Broadway Legend Elaine Stritch Dies At 89 Elaine Stritch, whose career spanned more than half a century and went from stage to screen to TV and back to stage again, died Thursday at her home in Birmingham, Mich.

Broadway Legend Elaine Stritch Dies At 89

Broadway Legend Elaine Stritch Dies At 89

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Elaine Stritch, whose career spanned more than half a century and went from stage to screen to TV and back to stage again, died Thursday at her home in Birmingham, Mich.


Broadway has lost a legend. She's Elaine Stritch, who died yesterday at the age of 89. Even recently she was gaining new fans with a guest role on the TV series "30 Rock." But as we're about to hear, Stritch made her name on the stage. Jeff Lunden has this appreciation of a singular talent.

JEFF LUNDEN, BYLINE: When songwriter Stephen Sondheim and playwright George Furth were writing their groundbreaking, Tony award-winning musical "Company," they created the hard drinking, tough as nails character of Joanne specifically for Elaine Stritch, says theater historian Larry Maslon.

LARRY MASLON: It's not everybody who could play it. That kind of whiskey soaked, cynical, no-nonsense New Yorker was everything she was about.

LUNDEN: And they gave her a showstopper, "The Ladies Who Lunch."


ELAINE STRITCH: (Singing) Another chance to disapprove. Another brilliant zinger. Another reason not to move. Another vodka stinger. I'll drink to that.

LUNDEN: It became Elaine Stritch's signature song, and while she wasn't personally the character she played in the show, she was for much of her life a heavy drinker, as she told WHYY’s Fresh Air in 1990.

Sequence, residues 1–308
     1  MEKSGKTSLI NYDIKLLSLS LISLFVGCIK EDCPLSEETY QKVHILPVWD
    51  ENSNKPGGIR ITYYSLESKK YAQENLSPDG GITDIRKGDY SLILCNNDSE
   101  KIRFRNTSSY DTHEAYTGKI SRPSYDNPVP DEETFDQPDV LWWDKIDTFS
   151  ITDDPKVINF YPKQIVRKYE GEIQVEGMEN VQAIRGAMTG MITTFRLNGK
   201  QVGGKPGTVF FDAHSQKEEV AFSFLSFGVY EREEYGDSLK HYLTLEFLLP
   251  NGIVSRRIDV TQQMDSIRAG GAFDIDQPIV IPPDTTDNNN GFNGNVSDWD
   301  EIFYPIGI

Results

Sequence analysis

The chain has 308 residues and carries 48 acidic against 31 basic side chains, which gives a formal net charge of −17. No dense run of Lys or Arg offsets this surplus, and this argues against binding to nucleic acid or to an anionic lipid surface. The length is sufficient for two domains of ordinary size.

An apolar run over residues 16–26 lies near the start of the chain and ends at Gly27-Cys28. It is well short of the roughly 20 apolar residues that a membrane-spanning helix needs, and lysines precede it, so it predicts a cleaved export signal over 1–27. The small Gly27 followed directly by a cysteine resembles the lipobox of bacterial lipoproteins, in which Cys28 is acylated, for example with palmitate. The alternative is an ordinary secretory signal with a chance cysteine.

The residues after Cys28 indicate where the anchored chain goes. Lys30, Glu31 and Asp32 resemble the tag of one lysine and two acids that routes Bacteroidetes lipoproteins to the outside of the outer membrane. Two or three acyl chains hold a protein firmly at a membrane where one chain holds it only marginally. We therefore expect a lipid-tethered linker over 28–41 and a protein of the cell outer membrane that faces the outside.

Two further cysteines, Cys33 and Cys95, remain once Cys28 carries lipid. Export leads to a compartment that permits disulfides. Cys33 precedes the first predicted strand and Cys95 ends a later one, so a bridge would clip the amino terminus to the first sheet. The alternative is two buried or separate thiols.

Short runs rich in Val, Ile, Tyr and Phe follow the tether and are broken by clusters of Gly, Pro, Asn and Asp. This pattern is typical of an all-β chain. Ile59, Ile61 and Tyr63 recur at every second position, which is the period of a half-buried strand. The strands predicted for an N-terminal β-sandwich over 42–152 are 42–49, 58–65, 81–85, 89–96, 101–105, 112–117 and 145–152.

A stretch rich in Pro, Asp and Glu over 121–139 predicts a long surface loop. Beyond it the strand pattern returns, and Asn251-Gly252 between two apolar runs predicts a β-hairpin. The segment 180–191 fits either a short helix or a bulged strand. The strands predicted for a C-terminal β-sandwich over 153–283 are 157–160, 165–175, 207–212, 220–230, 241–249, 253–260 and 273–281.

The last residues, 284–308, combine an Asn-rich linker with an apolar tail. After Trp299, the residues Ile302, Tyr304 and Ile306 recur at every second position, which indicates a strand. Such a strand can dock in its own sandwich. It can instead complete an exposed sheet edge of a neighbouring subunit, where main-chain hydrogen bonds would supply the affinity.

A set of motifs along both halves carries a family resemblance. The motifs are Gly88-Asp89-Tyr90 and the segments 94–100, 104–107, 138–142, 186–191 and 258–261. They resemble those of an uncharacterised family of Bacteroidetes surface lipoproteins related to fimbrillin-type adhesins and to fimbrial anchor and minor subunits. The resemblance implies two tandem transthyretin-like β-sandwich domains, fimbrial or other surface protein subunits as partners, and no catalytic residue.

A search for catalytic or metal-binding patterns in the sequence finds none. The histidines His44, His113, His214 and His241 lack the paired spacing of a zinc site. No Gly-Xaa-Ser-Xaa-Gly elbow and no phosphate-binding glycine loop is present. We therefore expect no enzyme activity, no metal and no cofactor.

STRITCH: I loved to drink, I mean, it was one of my favorite, favorite things in the world. And also, it became a little bit too much. I took a drink to go on the stage, I took a drink before I did a scene in a movie. I was a dependent on alcohol.

LUNDEN: But even through her battles with alcohol, as well as diabetes and despite a reputation for being difficult, Stritch gave indelible performances in plays and musicals on Broadway, on film and TV. She made her first big splash in 1952 in "Pal Joey."


STRITCH: (Singing) Zip. Walter Lipmann wasn’t brilliant today.

LUNDEN: She re-created that performance 50 years later in the 2002 Tony award-winning one woman show, "Elaine Stritch At Liberty." George C. Wolfe directed it.

GEORGE WOLFE: She would go wherever it needed to go emotionally, she would go there and be there and if it was ugly or if it was complicated, she would just go there because she didn't know how to not go there.

LUNDEN: One of the last places Stritch went to was the sitcom "30 Rock," where she won an Emmy playing Alec Baldwin's feisty mother.


ALEC BALDWIN: (As Jack Donaghy) The closest you ever get to happiness is when you're criticizing something, preferably something I've done.

STRITCH: (As Colleen Donaghy) Jack, stop talking. I am not going to be around forever.

BALDWIN: (As Jack Donaghy) Oh, here it comes.

STRITCH: (As Colleen Donaghy) One of these days you're going to turn around, Jack. And I'm going to be gone. Just like that.

BALDWIN: (As Jack Donaghy) Well, this little performance is over. I may put you in a home just like that. Mother. Mother?

LUNDEN: In her television roles, in films and documentaries and on original cast recordings Elaine Stritch will be around forever. For NPR News, I'm Jeff Lunden in New York.


STRITCH: (Singing) I've been to Reno. I've been through Beverly Hills. I'm here. Reefers and vino, rest cures, religion and pills. But I'm here. Been called a pinko, commie too. Got through it stinko, by my pool. I should've gone to an acting school.

GREENE: What a voice. It's NPR News.

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